LA-based artist Kris Chau creates colourful and visually engaging stories of Hawaiian folklore, mysticism, mythology, and magick.
The Hawaii-born artist, who describes herself as a “folk artist”, spends a lot of time researching different forms of folk art and ancient art, and is inspired by the common visual language of indigenous communities.
Kris Chau’s artworks are an expression of her own spirituality, often posing questions that are personal yet universal too. She said: “Making my own mythology helps me deal with my own darkness and light, polarity, duality, relationships, and the world. Folklore is a way of explaining the unexplainable.
“We need symbols and stories to remind ourselves to stay to connected to nature and our own human magic.”
Kris Chau cites storytelling devices in ancient Egyptian and ancient Japanese artistic traditions among her inspirations, which is evident in her own visual storytelling which is a combination of cosmology, art and folklore from antiquity to the present-day comics, and story books.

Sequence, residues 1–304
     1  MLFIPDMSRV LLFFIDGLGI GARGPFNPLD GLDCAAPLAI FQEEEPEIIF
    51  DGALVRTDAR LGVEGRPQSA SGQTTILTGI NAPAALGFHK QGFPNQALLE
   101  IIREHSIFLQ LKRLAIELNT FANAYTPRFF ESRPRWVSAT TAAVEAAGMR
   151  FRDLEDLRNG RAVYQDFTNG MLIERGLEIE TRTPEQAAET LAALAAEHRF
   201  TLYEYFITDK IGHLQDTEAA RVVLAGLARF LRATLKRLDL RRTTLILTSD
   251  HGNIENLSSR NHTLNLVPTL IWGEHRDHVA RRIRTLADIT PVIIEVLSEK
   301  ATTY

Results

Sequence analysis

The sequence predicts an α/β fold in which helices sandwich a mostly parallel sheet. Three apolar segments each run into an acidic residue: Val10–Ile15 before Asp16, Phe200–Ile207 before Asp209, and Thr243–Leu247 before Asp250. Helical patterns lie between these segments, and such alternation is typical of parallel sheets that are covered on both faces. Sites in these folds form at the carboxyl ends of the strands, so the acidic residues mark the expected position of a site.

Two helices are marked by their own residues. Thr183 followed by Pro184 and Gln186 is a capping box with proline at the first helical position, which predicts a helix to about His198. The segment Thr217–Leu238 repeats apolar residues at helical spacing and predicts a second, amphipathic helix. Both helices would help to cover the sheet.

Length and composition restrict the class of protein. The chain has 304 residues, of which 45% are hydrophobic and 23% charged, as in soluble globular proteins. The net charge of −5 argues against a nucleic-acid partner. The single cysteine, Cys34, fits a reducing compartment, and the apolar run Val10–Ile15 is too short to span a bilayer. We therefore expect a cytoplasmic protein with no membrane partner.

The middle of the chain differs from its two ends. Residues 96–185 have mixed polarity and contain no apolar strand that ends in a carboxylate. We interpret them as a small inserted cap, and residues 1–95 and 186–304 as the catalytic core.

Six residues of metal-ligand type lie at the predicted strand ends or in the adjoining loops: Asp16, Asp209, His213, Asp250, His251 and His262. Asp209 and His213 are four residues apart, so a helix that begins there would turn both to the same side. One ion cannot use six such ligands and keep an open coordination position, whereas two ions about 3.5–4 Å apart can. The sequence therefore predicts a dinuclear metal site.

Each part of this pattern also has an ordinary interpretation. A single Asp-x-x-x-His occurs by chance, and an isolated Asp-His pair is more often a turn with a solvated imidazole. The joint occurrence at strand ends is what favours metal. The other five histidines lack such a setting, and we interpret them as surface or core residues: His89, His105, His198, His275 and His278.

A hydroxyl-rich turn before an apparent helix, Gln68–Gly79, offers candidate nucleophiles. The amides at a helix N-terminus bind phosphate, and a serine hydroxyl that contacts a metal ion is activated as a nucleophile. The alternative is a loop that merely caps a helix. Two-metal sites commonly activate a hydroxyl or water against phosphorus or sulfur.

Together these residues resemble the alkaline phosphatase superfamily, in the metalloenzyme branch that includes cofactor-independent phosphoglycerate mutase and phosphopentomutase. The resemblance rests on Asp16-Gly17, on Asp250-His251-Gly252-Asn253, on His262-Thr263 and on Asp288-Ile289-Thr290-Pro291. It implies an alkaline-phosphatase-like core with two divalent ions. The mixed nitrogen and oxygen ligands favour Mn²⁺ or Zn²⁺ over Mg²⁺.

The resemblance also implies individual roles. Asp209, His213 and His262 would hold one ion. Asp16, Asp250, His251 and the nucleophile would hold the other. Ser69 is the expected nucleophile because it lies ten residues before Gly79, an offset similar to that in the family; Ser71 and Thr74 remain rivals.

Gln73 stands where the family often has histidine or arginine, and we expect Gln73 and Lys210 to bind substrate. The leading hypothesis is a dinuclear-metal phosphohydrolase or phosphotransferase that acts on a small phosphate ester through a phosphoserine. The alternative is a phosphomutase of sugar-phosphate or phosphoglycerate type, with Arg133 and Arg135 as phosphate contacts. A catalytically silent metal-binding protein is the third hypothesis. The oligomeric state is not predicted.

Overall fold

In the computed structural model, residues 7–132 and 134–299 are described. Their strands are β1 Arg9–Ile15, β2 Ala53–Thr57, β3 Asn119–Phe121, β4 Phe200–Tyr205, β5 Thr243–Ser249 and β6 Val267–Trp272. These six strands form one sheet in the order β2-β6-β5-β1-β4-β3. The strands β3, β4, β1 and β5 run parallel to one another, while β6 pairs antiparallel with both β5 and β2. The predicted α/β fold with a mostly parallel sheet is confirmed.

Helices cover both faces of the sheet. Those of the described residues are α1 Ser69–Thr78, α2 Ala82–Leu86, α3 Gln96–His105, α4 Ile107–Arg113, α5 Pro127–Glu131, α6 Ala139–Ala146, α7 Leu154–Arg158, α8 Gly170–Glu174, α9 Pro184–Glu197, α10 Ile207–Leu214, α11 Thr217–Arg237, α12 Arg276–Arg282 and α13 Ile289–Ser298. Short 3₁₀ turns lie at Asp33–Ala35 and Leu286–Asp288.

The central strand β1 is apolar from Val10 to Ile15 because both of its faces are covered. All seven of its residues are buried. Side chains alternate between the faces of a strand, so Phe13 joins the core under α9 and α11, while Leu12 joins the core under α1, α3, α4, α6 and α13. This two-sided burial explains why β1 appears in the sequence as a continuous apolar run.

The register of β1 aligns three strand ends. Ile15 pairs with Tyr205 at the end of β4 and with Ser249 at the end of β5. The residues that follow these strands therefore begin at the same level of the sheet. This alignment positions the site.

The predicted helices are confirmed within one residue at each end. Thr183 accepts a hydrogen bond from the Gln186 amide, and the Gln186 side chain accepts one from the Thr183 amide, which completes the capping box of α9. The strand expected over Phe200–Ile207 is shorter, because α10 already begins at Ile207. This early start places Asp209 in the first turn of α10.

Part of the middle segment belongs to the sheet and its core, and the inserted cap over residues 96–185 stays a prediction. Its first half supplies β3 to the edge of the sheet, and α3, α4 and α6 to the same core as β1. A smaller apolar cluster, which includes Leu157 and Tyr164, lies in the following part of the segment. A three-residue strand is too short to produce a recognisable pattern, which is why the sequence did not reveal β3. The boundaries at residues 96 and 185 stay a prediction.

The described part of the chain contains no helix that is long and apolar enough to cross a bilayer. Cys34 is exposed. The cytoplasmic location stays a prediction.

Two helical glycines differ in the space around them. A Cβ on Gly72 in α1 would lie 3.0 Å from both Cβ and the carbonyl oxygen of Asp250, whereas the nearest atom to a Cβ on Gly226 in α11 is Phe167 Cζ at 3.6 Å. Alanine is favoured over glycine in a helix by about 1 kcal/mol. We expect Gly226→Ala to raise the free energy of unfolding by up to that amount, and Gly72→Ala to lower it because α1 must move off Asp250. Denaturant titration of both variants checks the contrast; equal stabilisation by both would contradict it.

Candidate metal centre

Growing up in Honolulu, as a kid Kris Chau would copy imagery from comics and mastered the horse illustrations in a Chinese brush painting book her grandpa gave her. In middle school, she produced drawings of superheroes and cartoon characters on request for fellow students and teachers. She left Hawaii to study at the California College of Art and Crafts in Oakland.
Since moving to LA, the artist, who also makes music, has established her own clothing line and co-founded a small design studio in Chinatown, called Day Space Night.
Kris Chau added: “My artmaking is the sails on my boat. It has taken me around the world, it is my inner compass, my flare signal. It is a language that I’ve learned to speak. As long as I’m drawing for the rest of my life, that’s good enough.”
All Images: Kris Chau
Rosa Medea is Life & Soul Magazine’s Chief. She writes about lifestyle including sustainable and green living